MIAMI -- The Miami Heat beat the Golden State Warriors 105-102 on Dion Waiters' game winner, the culmination of his overall brilliant performance. The Warriors don’t always bring their best at the beginning, but they let this one linger too long, giving Waiters the opportunity to strike. As Stephen Curry said after the game, “A guy hits some tough shots like Dion did. You gotta take that pill and realize you put yourselves in that position.”
Or, as summarized by Klay Thompson, "They played harder."
By comparison, the Warriors played as though they had just spent the night in Miami, followed by a reprieve from normal morning shootaround. After scoring 30 points in the first quarter (on 26 shots, mind you), they managed only 18 in the second. In the first half, Curry was the only player who netted a shot from beyond the arc.
No matter. This was all a setup for one of Golden State’s classic third-quarter runs, the moment where they shift from “jog” to “sprint” and cure all ills on an array of forced turnovers, fast-break dunks and transition 3s.
Briefly, it looked as if the Warriors really would restore order in the third quarter. A push led by Kevin Durant and Curry brought Golden State’s advantage to six points. But Waiters would not allow Golden State’s third-quarter takeover to transpire. He was excellent, not only in rhythm on his jumper but wholly under control.
While many of Waiters' shots were difficult, Golden State failed to make him uncomfortable. Specifically, they did not get into Waiters’ left hand, allowing him to take the kind of shots he favors.
“He's much better at pulling up going left, and he showed that tonight,” Thompson said of Waiters.
“But we did get him going right. I don't think he was as successful, but he did make tough shots; and he's a good scorer and you've got to give him credit, but that's on us. You've got to stick to the game plan."
Waiters perhaps hurt Golden State most with his passing, finding cutters after penetration. Amid the savvy passing, Waiters claimed 13 of his 33 points in the third. The best would be saved for last, though.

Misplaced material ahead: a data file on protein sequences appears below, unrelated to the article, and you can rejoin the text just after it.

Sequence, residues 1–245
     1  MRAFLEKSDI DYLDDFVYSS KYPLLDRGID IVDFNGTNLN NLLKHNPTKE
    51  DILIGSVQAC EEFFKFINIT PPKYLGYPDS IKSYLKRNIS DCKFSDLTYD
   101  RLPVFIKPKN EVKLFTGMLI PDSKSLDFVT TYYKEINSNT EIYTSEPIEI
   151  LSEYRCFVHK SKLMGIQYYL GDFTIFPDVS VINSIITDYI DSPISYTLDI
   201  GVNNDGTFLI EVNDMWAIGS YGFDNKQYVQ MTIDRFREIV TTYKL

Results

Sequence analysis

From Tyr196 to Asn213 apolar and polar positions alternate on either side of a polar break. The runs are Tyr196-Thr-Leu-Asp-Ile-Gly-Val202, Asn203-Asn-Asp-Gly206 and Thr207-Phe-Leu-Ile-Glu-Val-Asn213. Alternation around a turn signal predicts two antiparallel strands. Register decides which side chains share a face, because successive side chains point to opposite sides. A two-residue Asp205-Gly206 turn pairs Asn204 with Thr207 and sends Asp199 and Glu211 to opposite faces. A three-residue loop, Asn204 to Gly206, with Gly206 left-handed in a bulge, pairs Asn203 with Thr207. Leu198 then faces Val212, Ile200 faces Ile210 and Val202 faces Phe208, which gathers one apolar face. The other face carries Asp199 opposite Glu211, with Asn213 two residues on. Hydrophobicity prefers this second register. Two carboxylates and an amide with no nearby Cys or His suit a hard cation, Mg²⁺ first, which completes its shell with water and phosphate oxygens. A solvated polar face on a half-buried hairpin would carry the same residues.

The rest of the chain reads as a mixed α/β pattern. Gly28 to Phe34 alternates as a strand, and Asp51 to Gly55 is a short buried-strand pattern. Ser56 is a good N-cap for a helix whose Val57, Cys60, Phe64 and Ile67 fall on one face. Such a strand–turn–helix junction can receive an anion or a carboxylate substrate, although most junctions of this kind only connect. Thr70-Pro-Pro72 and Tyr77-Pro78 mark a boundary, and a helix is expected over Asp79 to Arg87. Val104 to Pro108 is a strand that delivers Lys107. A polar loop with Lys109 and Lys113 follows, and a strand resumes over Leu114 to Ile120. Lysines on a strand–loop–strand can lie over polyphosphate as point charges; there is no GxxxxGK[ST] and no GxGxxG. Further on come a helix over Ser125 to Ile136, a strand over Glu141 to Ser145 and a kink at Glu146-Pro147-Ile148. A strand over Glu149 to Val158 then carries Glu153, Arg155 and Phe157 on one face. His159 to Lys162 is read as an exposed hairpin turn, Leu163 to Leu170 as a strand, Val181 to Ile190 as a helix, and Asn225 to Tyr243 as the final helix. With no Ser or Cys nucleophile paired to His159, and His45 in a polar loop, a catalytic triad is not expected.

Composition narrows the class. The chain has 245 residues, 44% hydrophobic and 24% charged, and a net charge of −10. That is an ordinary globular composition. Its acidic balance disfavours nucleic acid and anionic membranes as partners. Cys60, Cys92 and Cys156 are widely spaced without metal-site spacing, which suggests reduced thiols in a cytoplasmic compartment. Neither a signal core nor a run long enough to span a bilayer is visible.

The Warriors found themselves in trouble at the beginning of the fourth and dug themselves deeper through the middle of the quarter. At 6:51, Zaza Pachulia made contact with Luke Babbitt, resulting in a flagrant foul 1, with Babbitt garnering a technical foul flop. Curry missed the free throw, and Miami cashed in with two freebies by Babbitt, followed by two for Goran Dragic.
The Heat were hungrier. Hassan Whiteside, not usually noted for his verve, made an impressive defensive rebound shortly after the flagrant sequence. Soon after that, Waiters nestled home an and-one floater, pushing Miami’s lead to 10 with 4:58 remaining.
If the Warriors were to salvage this one, they would have to dig deep. They commenced digging.
Curry drew a foul on Whiteside at the rim, resulting in free throws. Golden State went to hack-a-Hassan, and Whiteside obliged with two misses. Thompson netted a catch-and-shoot 3-pointer, and Golden State was in business.
The Warriors were still their worst enemies this side of Waiters. Late-game turnovers made this a last-second affair.
With Golden State trailing by five and 1:54 remaining, Curry sucked in the defense and kicked to Durant. The ball didn’t find Durant’s shooting pocket, but KD found the net, cutting Miami's lead to two.
Waiters promptly answered with a contested 3 of his own, and Draymond Green was draped all over him. It brought a close to Golden State’s 8-0 run.
After a Durant turnover, the Warriors quickened the pace, getting two points off a Draymond lob that Durant just managed to ease in and cutting the Heat lead to three. Durant then guarded his former teammate Waiters in isolation, forcing a miss.
That play was followed by Curry racing in transition, leveraging the threat of the 3-pointer for a Shaun Livingston layup. The lead was down to a point with 21 seconds remaining. Dragic caught the inbounds pass, got fouled and made one free throw. With 17.6 seconds remaining, it was 102-100 Heat.
The Warriors did well in the situation, with good ball movement, leading to a Durant pump fake and dunk. Tie game.
All that hard work was about to be undone, though, by a man who had been working hard all game. Waiters dribbled in isolation at Thompson, his earned reward for a fantastic game. Like Kyrie Irving on Christmas, Waiters launched over Thompson’s outstretched arm for a step-back winner.
“Nah, it wasn't good defense,” Thompson said of his final effort. “I've got to press up on him. Make him go around me. Use my length. And I made a big mistake. Cost us. Learn from it. And if we see them again, we'll do that.”
Durant watched with some amused chagrin, saying of Waiters, “He gave me a little wink after [he] hit that 3. It f---ing sucks seeing it go through the rim, but I guess the big brother in me can smile at that one.”
There were 0.6 seconds left, but it wasn’t enough. Despite their talent, despite their well-tuned sense of when to strive, the Warriors had finally, in the end, run out of time.